by Taylor Thornburg
We’re halfway through 2019, and that means we’re about to be between summer blockbuster season and the end of the year awards season. There’s plenty to catch up on during this lull at the movie theaters. Some of the best films of the year either passed in and out of theaters without fanfare or aren’t at all from this country. In case you missed them, these are the most cutting-edge, masterful, and entertaining films so far from 2019:
1. Long Day’s Journey Into Night (China) – Dir. Bi Gan
In Long Day’s Journey Into Night, a man returns to his childhood home to reconnect with his past after the death of his father. Although Chinese director Bi Gan dresses this return in all of the trappings of a standard neo-noir, there’s nothing conventional about it. Bi Gan practices a unique and almost dialectical method of filmmaking. He starts by identifying the genre in which he wants to write. He siphons mood, atmosphere, and archetypes out of a general pool and reconstructs them as a novel assemblage, drawing the new and strange directly out of the old and familiar.
Long Day’s Journey Into Night starts out as a microcosm of this method. For the first half of his film, Bi Gan devises a conventional story but cuts it up and rearranges it to explore the hidden meanings in the parts a conventional story usually papers over. He juxtaposes this against the second part of the film, captured in a single fluid, unbroken shot designed to be seen in 3D. All of the elements of this film masterfully command a careful reexamination of the distinctions between past and present, memories and events, dreams and waking life. What divides the real and the unreal? The dream from the dreamer? Pursuing the difference requires a long day’s journey into night.
2. The Beach Bum (USA) – Dir. Harmony Korine
In The Beach Bum, a rogue poet roams the Florida Keys looking for transcendence in a sea of tragedy. His wife dies, he loses his home, his friends lose life and limb. Poverty and anguish abound, animals are addicted to drugs, and he has writer’s block. For heaven’s sake, the guy can’t catch a break. In this universe, no one can. While all of the evident misery is interesting, The Beach Bum really sings where US director Harmony Korine finds meaning in it: communities of outsiders being together, just hanging out. His poet leads a brigade of houseless people to destroy his former mansion, leads a breakout of a rehab clinic, and at one point lights a literal boatload of money on fire. The pure joy that The Beach Bum radiates comes from the transcendence that Korine finds embodied by outsiders revolting against what’s in.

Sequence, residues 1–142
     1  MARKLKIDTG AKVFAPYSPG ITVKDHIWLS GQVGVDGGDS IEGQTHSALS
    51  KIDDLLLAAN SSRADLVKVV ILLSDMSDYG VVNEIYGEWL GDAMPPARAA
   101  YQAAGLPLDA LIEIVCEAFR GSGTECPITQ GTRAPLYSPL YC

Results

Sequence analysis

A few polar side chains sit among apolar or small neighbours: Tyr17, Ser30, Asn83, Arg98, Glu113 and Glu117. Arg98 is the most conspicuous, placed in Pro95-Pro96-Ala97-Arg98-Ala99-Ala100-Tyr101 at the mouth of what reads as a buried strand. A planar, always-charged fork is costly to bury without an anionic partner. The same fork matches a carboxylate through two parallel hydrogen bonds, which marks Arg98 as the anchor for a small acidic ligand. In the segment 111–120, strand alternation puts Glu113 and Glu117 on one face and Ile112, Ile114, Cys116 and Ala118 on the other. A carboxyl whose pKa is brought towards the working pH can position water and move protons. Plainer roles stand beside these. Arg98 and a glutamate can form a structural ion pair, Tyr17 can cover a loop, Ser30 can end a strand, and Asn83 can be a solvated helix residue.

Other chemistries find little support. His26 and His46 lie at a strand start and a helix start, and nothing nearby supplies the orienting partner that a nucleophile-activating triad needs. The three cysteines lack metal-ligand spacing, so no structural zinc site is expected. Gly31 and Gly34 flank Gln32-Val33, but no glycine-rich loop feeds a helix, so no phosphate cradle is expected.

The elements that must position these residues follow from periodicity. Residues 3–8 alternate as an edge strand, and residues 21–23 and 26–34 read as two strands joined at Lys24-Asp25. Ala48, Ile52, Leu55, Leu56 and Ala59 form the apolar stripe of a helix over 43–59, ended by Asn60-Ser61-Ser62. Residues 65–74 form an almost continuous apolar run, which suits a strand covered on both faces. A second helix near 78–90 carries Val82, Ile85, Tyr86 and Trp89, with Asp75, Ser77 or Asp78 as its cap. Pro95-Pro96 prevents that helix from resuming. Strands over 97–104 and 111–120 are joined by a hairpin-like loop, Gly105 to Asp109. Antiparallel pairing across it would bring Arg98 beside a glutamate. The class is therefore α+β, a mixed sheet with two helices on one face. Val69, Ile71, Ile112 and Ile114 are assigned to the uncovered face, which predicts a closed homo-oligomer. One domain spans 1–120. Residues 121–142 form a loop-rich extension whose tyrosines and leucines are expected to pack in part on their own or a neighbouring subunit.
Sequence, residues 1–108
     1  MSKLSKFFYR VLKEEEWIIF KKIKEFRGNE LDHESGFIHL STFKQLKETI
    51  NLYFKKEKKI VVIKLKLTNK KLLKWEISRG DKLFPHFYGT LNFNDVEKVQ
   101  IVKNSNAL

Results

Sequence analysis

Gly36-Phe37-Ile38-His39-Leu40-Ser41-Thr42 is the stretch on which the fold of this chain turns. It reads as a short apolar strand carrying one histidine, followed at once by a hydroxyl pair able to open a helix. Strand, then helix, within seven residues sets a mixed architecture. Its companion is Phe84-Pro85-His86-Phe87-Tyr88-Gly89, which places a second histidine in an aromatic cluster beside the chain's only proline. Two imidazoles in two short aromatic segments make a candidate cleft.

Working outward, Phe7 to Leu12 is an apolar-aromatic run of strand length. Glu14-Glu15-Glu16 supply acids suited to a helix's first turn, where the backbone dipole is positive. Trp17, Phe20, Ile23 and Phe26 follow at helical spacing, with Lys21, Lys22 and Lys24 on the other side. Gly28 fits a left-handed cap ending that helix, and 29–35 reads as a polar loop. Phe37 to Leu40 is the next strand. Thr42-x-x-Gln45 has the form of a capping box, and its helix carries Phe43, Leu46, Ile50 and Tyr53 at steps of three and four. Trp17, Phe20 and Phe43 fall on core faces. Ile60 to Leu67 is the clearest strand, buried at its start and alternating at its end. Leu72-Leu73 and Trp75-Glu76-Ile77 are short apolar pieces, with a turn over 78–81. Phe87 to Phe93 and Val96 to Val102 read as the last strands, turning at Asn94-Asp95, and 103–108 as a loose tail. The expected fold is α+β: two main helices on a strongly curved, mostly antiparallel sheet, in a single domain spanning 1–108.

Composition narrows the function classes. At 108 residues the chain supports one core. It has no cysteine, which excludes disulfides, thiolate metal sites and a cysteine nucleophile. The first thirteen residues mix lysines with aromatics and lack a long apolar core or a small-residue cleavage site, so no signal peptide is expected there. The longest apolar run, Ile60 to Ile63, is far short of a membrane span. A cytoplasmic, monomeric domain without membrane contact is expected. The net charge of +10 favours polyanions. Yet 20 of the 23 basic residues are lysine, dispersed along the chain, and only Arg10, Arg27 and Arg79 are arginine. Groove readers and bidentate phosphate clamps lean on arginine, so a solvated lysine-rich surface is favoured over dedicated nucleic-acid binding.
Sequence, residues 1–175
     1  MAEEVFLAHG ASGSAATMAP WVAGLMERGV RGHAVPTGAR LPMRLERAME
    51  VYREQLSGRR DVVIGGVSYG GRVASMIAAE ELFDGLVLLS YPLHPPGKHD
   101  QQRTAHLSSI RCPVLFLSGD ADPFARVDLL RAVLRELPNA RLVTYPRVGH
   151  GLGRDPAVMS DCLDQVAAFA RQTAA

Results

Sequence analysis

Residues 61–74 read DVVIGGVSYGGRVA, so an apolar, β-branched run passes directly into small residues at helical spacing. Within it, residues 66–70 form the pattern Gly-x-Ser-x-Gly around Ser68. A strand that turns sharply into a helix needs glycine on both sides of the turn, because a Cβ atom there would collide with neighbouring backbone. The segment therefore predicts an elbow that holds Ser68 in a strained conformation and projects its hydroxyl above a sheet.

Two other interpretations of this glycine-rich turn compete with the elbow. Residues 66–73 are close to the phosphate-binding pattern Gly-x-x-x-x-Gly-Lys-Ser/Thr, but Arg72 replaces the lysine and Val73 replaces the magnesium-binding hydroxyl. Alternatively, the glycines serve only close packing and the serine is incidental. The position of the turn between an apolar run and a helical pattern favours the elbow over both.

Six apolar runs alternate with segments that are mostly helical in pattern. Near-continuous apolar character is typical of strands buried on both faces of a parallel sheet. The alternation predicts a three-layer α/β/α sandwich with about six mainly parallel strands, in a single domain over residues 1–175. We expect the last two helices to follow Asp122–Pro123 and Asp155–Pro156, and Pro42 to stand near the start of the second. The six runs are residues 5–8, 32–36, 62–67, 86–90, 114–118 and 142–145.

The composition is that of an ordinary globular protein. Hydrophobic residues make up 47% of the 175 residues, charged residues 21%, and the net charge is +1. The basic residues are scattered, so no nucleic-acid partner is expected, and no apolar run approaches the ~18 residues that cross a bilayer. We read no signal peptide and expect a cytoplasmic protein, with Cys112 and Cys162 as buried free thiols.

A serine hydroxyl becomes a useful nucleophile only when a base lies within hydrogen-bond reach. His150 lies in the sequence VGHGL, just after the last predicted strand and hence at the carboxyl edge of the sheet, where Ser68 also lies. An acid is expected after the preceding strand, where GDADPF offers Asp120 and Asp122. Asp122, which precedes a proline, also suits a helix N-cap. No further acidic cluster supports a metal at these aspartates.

It’s a shame that Harmony Korine will probably die relatively unknown or at least uncelebrated. His films are Hollywood’s sole lifeline to outsider art. They stand out against the cultural zeitgeist of twenty-first century Western societies that declares the end of outsiders and will stop at nothing to violate and forcefully assimilate them. Rather, Korine suggests that to be “in” is to reproduce the problems that push people out. Outsiders are the very sources of joyous transcendence that Western societies desperately need.
3. High Life (France) – Dir. Claire Denis
In High Life, a crew of violent criminals exchange their death sentences for the opportunity to traverse space, likely never to return, on a mission to gather information about black holes for the benefit of humankind. In the vacuum of space, the crew of criminals constructs their own community, disciplined and organized by the crew’s physician and captain. The genesis of this structure eventually begets another kind of genesis as the crew’s physician develops a preoccupation with bringing new life aboard their vessel. She uses the men aboard to forcibly impregnate the women. This symmetry of bringers of death and destruction bringing structure and life aboard a space faring vessel in a vacuum, the death drive and pleasure principle in tension and in full view, sets up the action and remaining major themes in High Life.